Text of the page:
The lymph system is a series of organs, vessels, nodes, and fluids. This system creates and carries fluids that play an important role in the immune system and maintaining the balance of fluids in the tissue. Lymphedema is a build up of fluid normally transported by the lymph system. The fluid build up leads to swelling in the affected area. While lymphedema occurs most often in the arms and legs, it can eventually spread to the core of the body and head. Lymphedema can range from mild swelling to swelling that dramatically increases the size of the limb and causes skin discoloration.
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Lymphedema is caused by defect, damage, or infection of an area in the lymph system.
Primary lymphedema is caused by defects of the lymph nodes or lymph vessels. The structures may be missing or may not work properly. Though the defects are present from birth, lymphedema may not develop until later in life. Conditions associated with primary lymphedema include:
Secondary lymphedema develops when there is injury, infection, or nearby growth that blocks the flow of fluids in the lymph nodes or lymph vessels. It may be caused by medical conditions, medical treatments, or trauma.
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Lymphedema is more common in older adults.
Medical treatments or conditions that may increase your risk of lymphedema include:
Symptoms of lymphedema include:
Lymphedema can also lead to complications like a breakdown of the skin, infections of the skin, or massive changes in the size and shape of the limb.
The doctor will ask about any symptoms and medical history. A physical exam will be done. The degree of swelling can be tested by pressing a finger into the swollen area. The indent in the skin will indicate the severity of swelling. Measurements will also be taken around the affected limb and compared to the healthy limb. The doctor may diagnose lymphedema based on the swelling and appearance of the skin and medical history.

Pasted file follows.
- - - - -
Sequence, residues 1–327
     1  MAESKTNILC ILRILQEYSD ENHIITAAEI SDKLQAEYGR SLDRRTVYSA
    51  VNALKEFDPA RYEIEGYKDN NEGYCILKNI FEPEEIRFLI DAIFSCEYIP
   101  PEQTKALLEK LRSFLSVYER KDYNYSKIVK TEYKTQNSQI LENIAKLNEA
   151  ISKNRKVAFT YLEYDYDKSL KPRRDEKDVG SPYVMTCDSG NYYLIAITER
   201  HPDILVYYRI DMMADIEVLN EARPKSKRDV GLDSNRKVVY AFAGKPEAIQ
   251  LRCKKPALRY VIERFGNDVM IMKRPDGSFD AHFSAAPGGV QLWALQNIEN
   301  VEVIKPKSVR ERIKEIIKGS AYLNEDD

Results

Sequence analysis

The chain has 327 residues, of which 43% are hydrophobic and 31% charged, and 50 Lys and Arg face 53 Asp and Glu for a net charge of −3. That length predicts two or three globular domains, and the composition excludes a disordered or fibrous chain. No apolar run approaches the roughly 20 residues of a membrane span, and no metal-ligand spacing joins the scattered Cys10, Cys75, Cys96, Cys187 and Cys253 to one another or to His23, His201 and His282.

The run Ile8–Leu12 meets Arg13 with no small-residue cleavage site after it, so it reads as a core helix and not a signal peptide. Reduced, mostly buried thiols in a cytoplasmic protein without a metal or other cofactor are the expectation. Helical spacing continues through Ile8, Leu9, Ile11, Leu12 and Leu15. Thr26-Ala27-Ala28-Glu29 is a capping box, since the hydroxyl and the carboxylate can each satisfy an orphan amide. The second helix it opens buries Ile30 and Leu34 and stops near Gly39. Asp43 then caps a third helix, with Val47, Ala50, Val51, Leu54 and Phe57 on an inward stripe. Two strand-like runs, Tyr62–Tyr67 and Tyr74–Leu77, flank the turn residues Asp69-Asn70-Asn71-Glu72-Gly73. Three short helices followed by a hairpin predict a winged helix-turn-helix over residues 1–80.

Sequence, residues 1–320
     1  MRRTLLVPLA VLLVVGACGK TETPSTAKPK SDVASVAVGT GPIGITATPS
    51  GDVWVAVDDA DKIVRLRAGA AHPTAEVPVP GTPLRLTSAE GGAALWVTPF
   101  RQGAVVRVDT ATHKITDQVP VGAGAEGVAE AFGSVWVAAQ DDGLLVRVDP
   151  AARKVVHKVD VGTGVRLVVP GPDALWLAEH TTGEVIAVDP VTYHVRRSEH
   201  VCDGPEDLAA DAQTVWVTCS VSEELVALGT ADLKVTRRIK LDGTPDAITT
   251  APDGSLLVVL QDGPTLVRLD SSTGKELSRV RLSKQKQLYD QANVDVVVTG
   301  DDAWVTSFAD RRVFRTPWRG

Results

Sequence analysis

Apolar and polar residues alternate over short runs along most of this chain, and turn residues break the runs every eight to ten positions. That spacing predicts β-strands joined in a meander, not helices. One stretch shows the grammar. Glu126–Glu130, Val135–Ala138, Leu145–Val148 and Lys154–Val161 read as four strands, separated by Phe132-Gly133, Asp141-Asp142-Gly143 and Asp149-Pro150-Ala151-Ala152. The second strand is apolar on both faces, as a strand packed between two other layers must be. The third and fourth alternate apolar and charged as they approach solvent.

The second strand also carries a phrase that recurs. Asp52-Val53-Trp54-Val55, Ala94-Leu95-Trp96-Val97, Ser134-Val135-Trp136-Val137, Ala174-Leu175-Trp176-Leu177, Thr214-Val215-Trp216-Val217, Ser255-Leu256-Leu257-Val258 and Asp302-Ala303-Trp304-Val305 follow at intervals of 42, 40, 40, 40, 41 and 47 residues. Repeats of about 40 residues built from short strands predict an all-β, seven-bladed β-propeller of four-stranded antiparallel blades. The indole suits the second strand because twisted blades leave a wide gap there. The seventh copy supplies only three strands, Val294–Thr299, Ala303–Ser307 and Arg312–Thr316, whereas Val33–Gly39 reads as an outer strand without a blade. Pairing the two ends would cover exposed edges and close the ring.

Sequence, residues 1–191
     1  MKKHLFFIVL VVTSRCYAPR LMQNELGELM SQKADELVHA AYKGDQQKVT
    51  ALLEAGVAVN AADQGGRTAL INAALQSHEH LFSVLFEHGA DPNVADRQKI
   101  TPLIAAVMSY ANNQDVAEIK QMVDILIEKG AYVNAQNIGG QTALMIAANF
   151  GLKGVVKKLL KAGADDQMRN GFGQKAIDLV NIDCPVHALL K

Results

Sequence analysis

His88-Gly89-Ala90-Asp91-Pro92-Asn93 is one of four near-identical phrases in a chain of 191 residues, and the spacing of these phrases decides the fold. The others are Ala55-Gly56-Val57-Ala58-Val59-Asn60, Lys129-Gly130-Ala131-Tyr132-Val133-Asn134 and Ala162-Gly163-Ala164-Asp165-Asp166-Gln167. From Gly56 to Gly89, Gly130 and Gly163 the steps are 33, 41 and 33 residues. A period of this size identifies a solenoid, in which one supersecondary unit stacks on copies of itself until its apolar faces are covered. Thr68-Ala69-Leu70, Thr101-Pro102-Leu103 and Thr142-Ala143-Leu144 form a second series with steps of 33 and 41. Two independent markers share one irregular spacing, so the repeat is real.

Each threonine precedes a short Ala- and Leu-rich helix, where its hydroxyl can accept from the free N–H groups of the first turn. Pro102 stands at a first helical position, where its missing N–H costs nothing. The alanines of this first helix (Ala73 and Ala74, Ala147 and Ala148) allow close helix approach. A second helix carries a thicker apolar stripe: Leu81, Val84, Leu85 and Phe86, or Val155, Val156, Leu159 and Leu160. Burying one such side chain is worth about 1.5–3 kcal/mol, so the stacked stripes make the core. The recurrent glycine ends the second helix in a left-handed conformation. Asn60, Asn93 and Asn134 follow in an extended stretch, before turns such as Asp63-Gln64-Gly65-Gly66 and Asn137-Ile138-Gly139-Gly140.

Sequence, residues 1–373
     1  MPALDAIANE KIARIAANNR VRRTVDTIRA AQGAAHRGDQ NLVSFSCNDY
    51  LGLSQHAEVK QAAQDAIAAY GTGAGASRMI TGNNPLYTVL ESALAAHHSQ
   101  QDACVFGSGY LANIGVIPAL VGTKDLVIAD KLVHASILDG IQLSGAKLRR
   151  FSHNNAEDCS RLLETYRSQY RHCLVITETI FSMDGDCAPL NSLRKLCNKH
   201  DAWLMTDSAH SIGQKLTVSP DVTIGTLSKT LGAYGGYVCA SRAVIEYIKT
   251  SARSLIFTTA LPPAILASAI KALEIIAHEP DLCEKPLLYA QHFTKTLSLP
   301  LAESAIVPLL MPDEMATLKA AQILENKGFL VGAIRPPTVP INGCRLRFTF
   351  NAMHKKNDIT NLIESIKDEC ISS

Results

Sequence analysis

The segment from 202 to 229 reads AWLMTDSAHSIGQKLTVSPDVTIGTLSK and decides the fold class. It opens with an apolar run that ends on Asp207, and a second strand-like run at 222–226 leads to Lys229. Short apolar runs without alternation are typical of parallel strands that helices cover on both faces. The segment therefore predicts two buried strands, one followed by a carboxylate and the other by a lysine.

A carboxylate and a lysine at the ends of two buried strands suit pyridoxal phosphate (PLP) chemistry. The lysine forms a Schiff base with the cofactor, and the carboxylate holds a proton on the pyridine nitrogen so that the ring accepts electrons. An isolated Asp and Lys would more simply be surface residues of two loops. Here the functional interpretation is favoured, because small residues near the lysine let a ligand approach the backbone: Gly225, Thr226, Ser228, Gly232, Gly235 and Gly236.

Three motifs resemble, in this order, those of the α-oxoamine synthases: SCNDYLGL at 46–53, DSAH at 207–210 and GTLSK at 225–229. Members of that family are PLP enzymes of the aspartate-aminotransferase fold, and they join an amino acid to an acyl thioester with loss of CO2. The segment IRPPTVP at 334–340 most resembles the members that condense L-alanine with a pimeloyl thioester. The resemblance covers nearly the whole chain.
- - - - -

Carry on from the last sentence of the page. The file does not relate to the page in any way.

If the cause of swelling is unclear, the doctor may want to do further testing. Image tests may help to determine the cause of the lymphedema. Tests may include:
Lymphangiography is a test that uses a radioactive dye to create images of the lymph system but it is rarely used.
Treatment will depend on the severity and cause of lymphedema. Some causes may respond to treatment and stop causing lymphedema, but most will have a continued risk of lymphedema. Initial treatment may require more intensive treatment over a few weeks. A long-term plan will be developed once initial goals are reached. Long-term plans will include understanding factors that may worsen swelling . Managing lymphedema flare up early may prevent complications.
Options to treat lymphedema itself and prevent complications include the following:
Fluid is moved through the lymph vessels when nearby muscles and tissue contract or squeeze during normal movement. Mimicking this compression may help move excess fluid out of the affected area. Some methods that may help include:
A combination of treatment may provide the best results. A method called complete decongestive therapy combines the methods above plus the lifestyle habits and education below. Different methods will be tried until the best method or combination for each individual is found.
Certain lifestyle changes or habits may also help reduce the risk of increasing fluid in the affected area:
Surgery may be needed for severe lymphedema. The goal of surgery is to remove extra tissue from the arm or leg to unblock the lymphatic system and help reduce swelling.
Doctors or physical therapists will work with you if you are at risk for developing lymphedema because of medical treatments or conditions. Certain lifestyle changes and monitoring may prevent the development of lymphedema. If you had lymph nodes in your armpit removed during cancer surgery, a strength and physical activity program in recovery may help prevent lymphedema.
National Cancer Institute
National Lymphedema Network
Canadian Cancer Society
Lymphedema Association of Quebec
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Lymphedema—approach to the patient. EBSCO DynaMed Plus website. Available at:http://www.dynamed.com/topics/dmp~AN~T909498/Lymphedema-approach-to-the-patient. Updated February 17, 2016. Accessed September 29, 2016.
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Last reviewed March 2017 by EBSCO Medical Review BoardMarcin Chwistek, MD Last Updated: 2/20/2015